WAIN: Quite a bit. When they get to the commune and what happens at the commune, in the broadest of strokes, was in that very first draft we wrote, in the first week that we worked on it. But, the set-up of where they came from, and what happens in Act 3, was dramatically changed. In early drafts, the George character went down to Boca Raton to be with his parents, after he leaves the commune, and there was a whole other set of storylines involving Rick and the cleaning woman and a whole bunch of things that happen, that were completely thrown out. And, we had a lot of different iterations of the opening of the movie, where they were in Cleveland, they were in New York, they weren’t married, they were married, he was a shoe salesman, they were real estate salesmen. There were a lot of different things that we played around with, before we landed where we did.
Is there a director’s cut that will be included on the DVD?
WAIN: On the DVD, there will be something called “The Bizarro Cut,” which is an entire version of the movie made up almost entirely of material that’s not in the movie, going a lot further throughout, in every way. We shot so many scenes that are either going to a certain place, or just for story or pacing that, for various reasons, just didn’t fit in the final cut. You’ll see them on the DVD. “The Bizarro Cut” will be rich with stuff like that. You’ll also see some ideas for where Seth might have landed.
Do you have any idea what you’re going to be doing next, or do you have to have multiple projects in development, since you never know which will get to go into production first?
WAIN: Unfortunately, yes, that’s the reality. I’m always working on multiple things. I just finished directing an episode of New Girl. We just did 14 episodes of Childrens Hospital, that are going to come out in the Spring. I’m working, right now, on the third season of Superjail! Ken [Marino] and I are going to start writing another script. We’re mid-way through a different script. I have a couple scripts I’m writing with Michael Showalter. So, who knows?
Are you actively working on a sequel for Wet Hot American Summer?
WAIN: Yeah, that’s one of the things I’m writing with Michael, right now.
Are you surprised that people so badly want a sequel for that film?
WAIN: I am amazed and pleased, for sure. I guess I’m less surprised because it’s been that way for so long now. People have so much passion for that film. It’s hard to believe, but I’m thrilled about it because I love it, too.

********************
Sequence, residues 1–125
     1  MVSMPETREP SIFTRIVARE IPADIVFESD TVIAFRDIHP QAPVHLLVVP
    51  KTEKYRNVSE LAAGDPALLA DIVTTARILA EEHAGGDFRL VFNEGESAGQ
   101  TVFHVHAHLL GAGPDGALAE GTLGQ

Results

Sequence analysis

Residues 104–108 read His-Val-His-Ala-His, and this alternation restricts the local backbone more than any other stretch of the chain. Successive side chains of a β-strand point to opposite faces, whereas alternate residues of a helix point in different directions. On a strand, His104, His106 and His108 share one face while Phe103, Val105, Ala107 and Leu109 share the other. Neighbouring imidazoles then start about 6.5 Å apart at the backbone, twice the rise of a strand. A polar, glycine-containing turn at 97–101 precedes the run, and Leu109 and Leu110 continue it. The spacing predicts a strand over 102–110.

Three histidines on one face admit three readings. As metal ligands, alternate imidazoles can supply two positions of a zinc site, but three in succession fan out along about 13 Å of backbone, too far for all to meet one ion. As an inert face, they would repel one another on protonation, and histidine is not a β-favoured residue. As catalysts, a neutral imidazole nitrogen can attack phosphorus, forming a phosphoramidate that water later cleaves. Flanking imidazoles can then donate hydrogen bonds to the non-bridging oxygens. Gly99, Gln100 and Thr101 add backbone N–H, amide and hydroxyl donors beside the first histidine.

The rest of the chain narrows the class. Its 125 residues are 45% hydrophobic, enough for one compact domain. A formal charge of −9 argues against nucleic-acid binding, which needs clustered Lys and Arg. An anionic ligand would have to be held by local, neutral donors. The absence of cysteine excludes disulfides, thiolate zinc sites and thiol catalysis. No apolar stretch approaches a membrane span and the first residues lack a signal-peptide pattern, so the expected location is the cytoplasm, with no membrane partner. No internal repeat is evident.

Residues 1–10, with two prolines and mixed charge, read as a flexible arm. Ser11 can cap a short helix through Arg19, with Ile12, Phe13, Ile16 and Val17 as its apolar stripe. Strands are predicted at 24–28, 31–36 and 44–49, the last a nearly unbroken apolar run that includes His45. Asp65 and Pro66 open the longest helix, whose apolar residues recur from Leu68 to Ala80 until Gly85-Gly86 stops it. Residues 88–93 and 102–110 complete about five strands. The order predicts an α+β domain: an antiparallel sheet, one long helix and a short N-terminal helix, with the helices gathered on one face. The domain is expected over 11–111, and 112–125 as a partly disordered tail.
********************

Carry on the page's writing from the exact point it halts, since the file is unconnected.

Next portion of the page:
Do you feel that having an acting background really helps you, as a director, in dealing with actors?
WAIN: I think absolutely. The more that any director does anybody’s job on the set themselves, they can then understand what the challenges are and what the people are dealing with. I went to film school and I’ve done various jobs, earlier in my career, where I was working in different crew positions and technical positions. I’ve done every job on a film set, or I’ve done it by myself, so when I’m talking to an actor or a sound person or whatever, I know what they’re dealing with and I can help be the conductor of the orchestra.
Do you enjoy working in film and TV, and the different pace of each?
WAIN: I really like going back and forth, especially after spending a year and a half or two years on one thing, making a movie. There’s really just such a great pro and con to that. It’s so fun to be able to have the time to really let something gestate, and really work hard on the jokes or scenes, and craft it over time and have that luxury. At the same time, it’s so great on TV to be able to move so much faster and have the immediacy. There’s no time to think about it. You just have to do the joke, get it done and ship it. The pace actually really affects the comedy, so it’s fun to jump from web to TV to film.
What made you want to do an episode of New Girl, specifically?
WAIN: I don’t direct a lot of episodes of TV shows, but I really am a big fan of Liz Meriwether, the creator, and Zooey Deschanel and the rest of the cast. It happened to work for my schedule, and it was a really fun thing to do. I really enjoyed it. We had a lot of fun. It was great.